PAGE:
heavily on smell to find their food. Signals between neurons in the olfactory lobe would
occur by means of
A. enzymes.
B. hormones.
C. neurohormones.
D. neurotransmitters.
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Question 25
The following graph compares the hearing of humans with the hearing of two flying
The threshold is a measure of sensitivity where the higher the value, the louder is the
volume of sound required to hear a particular frequency. Assume that the human, the
grey-headed flying fox and the little red flying fox were exposed to a range of sounds.
Although the sounds were at different frequencies, they were all at the same volume.
From the data provided on the graph, one can conclude that
A. it is more difficult for a human to hear the sound if it has a frequency of 1 kHz than if it
has a frequency of 10 kHz.
B. a grey-headed flying fox can hear the sound at 10 kHz better than can the little red
flying fox.
C. a grey-headed flying fox hears all sounds better than the little red flying fox whatever
the frequency of the sound.
D. at frequencies below 1 kHz, humans have more difficulty hearing the sound than both
flying foxes.
Question 1
a. What is the general name for the chemicals that act as sex attractants in many
1 mark
A hormone was produced in one cell, entered the blood stream and travelled to two
groups of cells adjacent to each other. One group of cells responded to the hormone but
the neighbouring group did not.
b. What is the most likely reason for this difference in response by cells to the same
1 mark
Consider one hormone you have studied this year that is transported through the blood
to one or more types of cells.
c. i. Name the hormone.
ii. Name the tissue or gland that produces the hormone.
iii. Explain what the term signal transduction refers to.
iv. What is the outcome as a result of signal transduction in the cells that were targets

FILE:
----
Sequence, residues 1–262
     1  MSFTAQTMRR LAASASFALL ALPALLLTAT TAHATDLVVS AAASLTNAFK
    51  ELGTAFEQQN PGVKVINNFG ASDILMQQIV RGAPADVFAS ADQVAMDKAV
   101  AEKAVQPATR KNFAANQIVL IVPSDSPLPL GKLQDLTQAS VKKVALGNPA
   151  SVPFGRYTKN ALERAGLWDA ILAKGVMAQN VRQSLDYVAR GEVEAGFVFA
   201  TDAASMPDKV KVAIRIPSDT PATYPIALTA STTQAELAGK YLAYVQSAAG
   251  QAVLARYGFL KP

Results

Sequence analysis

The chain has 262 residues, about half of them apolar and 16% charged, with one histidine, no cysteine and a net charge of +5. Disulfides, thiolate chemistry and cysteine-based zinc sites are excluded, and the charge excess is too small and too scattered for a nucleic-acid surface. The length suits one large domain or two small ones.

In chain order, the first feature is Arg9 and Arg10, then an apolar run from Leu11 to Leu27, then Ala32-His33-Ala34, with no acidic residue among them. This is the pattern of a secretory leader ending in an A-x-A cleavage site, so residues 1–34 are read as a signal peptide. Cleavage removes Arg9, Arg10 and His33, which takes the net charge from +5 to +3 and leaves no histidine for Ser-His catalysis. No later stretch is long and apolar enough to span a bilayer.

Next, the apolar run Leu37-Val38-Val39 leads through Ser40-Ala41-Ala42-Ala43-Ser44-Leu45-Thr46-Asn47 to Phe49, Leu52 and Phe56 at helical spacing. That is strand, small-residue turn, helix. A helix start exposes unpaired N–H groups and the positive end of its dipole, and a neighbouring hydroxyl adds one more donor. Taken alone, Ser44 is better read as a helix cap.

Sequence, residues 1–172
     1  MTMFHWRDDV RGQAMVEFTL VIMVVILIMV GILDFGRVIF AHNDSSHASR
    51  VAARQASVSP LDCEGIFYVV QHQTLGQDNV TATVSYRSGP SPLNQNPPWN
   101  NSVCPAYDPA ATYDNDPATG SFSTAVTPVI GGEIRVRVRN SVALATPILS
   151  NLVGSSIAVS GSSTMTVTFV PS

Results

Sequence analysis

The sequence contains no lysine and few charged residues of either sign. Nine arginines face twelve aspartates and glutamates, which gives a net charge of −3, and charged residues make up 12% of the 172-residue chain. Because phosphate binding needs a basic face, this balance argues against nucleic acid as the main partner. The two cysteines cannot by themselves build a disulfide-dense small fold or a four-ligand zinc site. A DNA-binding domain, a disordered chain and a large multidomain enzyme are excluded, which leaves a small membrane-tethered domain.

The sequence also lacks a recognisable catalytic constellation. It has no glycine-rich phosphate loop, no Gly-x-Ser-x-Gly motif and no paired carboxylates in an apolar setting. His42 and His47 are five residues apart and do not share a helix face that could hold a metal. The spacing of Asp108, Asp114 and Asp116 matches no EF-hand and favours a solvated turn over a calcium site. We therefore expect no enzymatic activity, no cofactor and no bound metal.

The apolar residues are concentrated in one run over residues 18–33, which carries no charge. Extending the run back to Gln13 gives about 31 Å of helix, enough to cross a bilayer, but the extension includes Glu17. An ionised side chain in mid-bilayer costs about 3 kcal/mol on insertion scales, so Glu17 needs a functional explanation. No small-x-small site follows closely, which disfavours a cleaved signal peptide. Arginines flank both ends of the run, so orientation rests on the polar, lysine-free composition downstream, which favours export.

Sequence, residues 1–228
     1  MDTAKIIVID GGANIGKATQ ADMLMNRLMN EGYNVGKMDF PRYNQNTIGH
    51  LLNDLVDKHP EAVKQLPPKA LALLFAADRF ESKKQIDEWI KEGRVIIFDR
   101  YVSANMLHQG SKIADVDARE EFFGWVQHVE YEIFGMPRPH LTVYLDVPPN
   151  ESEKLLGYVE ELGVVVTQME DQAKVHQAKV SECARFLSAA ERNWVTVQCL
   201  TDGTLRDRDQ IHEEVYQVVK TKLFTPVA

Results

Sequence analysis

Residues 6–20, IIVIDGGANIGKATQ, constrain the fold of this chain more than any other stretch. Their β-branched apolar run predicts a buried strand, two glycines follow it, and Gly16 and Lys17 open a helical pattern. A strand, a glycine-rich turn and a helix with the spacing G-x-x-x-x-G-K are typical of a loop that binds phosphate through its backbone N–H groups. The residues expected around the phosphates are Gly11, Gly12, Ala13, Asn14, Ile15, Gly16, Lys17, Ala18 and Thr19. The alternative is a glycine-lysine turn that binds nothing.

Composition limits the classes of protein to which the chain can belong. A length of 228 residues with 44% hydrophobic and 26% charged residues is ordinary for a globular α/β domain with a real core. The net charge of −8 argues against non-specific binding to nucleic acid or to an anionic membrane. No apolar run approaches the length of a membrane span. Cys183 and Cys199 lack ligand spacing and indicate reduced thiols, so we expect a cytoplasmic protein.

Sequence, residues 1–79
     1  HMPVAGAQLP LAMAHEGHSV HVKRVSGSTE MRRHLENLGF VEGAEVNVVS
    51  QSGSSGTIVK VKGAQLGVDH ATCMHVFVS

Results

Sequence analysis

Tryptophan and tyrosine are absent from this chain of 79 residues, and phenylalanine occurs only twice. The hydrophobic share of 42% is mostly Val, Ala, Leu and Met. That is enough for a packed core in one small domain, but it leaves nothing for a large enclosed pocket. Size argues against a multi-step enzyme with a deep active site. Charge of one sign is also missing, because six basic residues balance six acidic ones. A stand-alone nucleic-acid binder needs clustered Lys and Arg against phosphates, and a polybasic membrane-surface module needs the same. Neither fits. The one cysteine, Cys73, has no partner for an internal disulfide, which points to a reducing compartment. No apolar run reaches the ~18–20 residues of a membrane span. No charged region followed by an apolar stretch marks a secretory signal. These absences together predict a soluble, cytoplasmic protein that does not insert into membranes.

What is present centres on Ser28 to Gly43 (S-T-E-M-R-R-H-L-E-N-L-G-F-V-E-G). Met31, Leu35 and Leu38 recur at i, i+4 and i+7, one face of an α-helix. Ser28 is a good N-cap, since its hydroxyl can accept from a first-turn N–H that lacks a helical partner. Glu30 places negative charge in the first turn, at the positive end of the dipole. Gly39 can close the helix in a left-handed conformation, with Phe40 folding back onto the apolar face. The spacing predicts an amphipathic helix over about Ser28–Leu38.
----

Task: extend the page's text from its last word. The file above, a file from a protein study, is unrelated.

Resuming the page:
for the hormone you chose in part c.i. of this question?
1 + 1 + 1 + 1 = 4 marks
Total 6 marks
Gary Simpson 2010
Headstart Revision Program
VCE Biology Unit 3 Exam Revision
Question 9
Researchers measured the internal body temperatures of a number of perentie
lizards,Varanus giganteus, on a day in March 1983. The following graph shows the
average body and air temperature for that day.
a. i. On this day, at what time did the lizards reach their highest internal body
ii. Does the answer you gave in part i. coincide with the highest air temperature for the
day? Explain.
1 + 1 = 2 marks
b. Is a lizard likely to detect skin temperature by the nervous system or the hormonal
system? Explain.
1 mark
Total 3 marks
VCAA 2006
Gary Simpson 2010
Headstart Revision Program
VCE Biology Unit 3 Exam Revision
Question 10
Consider two cells (X and Y) in a reflex arc in the nervous system. Cell X is transmitting a signal
to cell Y. Signal transduction commences
A. in the cytosol of cell X.
B. along the axon of cell X.
C. in the myelin sheath of cell X.
D. at the synapse between cells X and Y.
Question 21
Pheromones are
A. hormones found only in plants.
B. used to repel pest insects from crops.
C. effective only over very short distances.
D. chemicals that often act as sex attractants.
Question 5
Examine the following table.
Summary carbon dioxide and oxygen levels in air and water
The respiratory gases, oxygen and carbon dioxide, are under homeostatic control. The gas in
shorter supply is normally regulated because it is the limiting factor. For instance, aquatic
organisms, like fish, regulate levels of oxygen. Terrestrial organisms, like mammals, regulate
levels of carbon dioxide. A build-up of carbon dioxide in the blood can cause the pH of the blood
to become acidic. Mammals are more susceptible to this build-up of carbon dioxide than fish.
Receptors in the brain and arteries detect such changes in carbon dioxide and pH and stimulate
ongoing breathing.
a. Why are mammals more susceptible to a build-up of carbon dioxide than fish? 1 mark
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b. Consider a mammal that experiences an increase in its blood pH. Name one effector and
suggest what its response would be? 2 marks
Hyperventilation is the practice of breathing deeply and rapidly to remove carbon dioxide from
the lungs. This results in a significant lowering of the amount of carbon dioxide in the blood. It is
extremely dangerous and can cause a person to become unconscious.
c. Explain why underwater pearl divers, who use no special diving apparatus, would
hyperventilate. 1 mark
d. Why does hyperventilating cause a person to become unconscious? 1 mark
Total 5 marks
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Gary Simpson 2010
VCE Biology Unit 3 Exam Revision